Having different perspectives and voices will enhance your innovation activities, they provide diversity, stimulus and greater options for you to consider the future innovation journey. How do we set about engaging with all these different voices surrounding innovation?
Have you ever worked with the three horizon framework?
It is really useful for managing your innovation activities, drawing out the often conflicting voices within the organization on how to take innovation forward. The approach can unlock you from just being caught in the present, to one of envisaging a future that then allows you to begin to build different capabilities, competencies and capacities.
Find out more here and here and here on the three horizons or within this blog site put “three horizon approach ” into the search box. You will find I have provided a considerable overview in different posts thoughts on the 3H thinking and why I place such value in it for innovation’s evolution.
In business the future narrative is becoming vital. We all should care about the future and it becomes so important for us all to identify or not, as this gives us our identification.
I have found that narratives are becoming increasingly important to explain ‘things’. I’m re-learning this ‘art’ to tell a compelling story.
Our stories can combine much, communities can identify or reject, we can begin to explain complex stories by presenting a well-designed narrative that presents the arguments. It can explain the connections and outline the issues, both in terms of risk and opportunity. I think business narratives will become essential for our organizations to use to explain where they are and what they see as their future.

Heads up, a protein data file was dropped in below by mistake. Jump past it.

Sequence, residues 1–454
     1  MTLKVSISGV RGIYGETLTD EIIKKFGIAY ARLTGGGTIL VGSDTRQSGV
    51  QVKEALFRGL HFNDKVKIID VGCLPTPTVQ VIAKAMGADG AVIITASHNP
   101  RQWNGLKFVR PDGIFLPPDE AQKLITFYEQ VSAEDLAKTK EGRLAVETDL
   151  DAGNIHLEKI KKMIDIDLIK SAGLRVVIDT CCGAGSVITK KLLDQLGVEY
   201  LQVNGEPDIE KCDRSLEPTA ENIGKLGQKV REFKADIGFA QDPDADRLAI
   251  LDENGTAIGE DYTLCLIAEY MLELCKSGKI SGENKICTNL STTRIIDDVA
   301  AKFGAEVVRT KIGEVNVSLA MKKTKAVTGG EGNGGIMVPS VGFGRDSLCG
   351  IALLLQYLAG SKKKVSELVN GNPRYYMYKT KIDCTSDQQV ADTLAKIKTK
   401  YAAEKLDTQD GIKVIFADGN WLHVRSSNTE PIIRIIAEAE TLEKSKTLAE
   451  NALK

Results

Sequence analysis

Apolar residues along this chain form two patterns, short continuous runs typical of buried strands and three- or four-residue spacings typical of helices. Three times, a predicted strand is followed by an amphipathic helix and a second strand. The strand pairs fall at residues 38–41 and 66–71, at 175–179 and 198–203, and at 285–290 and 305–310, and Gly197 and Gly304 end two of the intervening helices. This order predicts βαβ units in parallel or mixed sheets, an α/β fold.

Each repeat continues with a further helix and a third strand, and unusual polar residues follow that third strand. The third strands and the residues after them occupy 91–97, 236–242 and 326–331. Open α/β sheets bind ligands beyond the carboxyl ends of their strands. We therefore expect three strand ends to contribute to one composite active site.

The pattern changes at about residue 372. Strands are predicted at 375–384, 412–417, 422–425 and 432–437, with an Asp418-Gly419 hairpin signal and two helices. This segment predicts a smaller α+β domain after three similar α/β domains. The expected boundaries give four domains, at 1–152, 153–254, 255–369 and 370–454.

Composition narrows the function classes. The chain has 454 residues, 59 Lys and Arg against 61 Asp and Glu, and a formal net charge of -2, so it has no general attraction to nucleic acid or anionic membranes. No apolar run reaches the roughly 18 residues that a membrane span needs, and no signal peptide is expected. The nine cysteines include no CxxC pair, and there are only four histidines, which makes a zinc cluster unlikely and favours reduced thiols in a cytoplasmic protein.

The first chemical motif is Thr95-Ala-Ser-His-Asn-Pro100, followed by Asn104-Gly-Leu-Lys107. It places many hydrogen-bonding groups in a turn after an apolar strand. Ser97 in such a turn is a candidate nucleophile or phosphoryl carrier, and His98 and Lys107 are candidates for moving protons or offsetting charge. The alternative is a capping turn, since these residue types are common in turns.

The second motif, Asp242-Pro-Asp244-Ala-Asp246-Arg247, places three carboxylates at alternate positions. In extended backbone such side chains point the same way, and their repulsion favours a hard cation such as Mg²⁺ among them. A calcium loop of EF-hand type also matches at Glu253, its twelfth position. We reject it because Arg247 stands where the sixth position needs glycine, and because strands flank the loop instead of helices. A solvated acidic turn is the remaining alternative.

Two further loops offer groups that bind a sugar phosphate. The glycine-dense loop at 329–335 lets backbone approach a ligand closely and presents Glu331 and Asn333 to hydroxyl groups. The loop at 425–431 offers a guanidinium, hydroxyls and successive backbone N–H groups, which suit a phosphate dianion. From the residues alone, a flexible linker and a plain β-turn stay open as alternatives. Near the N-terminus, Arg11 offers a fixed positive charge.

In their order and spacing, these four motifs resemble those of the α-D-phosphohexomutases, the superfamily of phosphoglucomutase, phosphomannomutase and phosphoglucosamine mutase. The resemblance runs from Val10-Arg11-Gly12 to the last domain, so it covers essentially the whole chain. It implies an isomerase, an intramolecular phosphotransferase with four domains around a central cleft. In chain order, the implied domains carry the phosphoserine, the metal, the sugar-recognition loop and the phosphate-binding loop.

A good business narrative should fill a real knowledge gap
Today we face unprecedented change; organizations are being hit on multiple sides, often by a bewildering set of forces to make them feel the immediate need is to go back into themselves, to be more inward than looking out and being open. There is this feeling today of being battered. Organizations are feeling the full force of the winds of business and global change.
Stopping, reflecting and then moving on.
Organizations are grappling with how to navigate through an unprecedented set of early 21st century challenges. How can they adjust to a more open and transparent world, a more fluid and adaptive one, that needs to be replacing the one we have been operating within all of the last century? One that seems to work no more as its very foundations seem to be crumbling. Organizations are in a period of relearning and understanding these ‘new’ forces at work. Continue reading →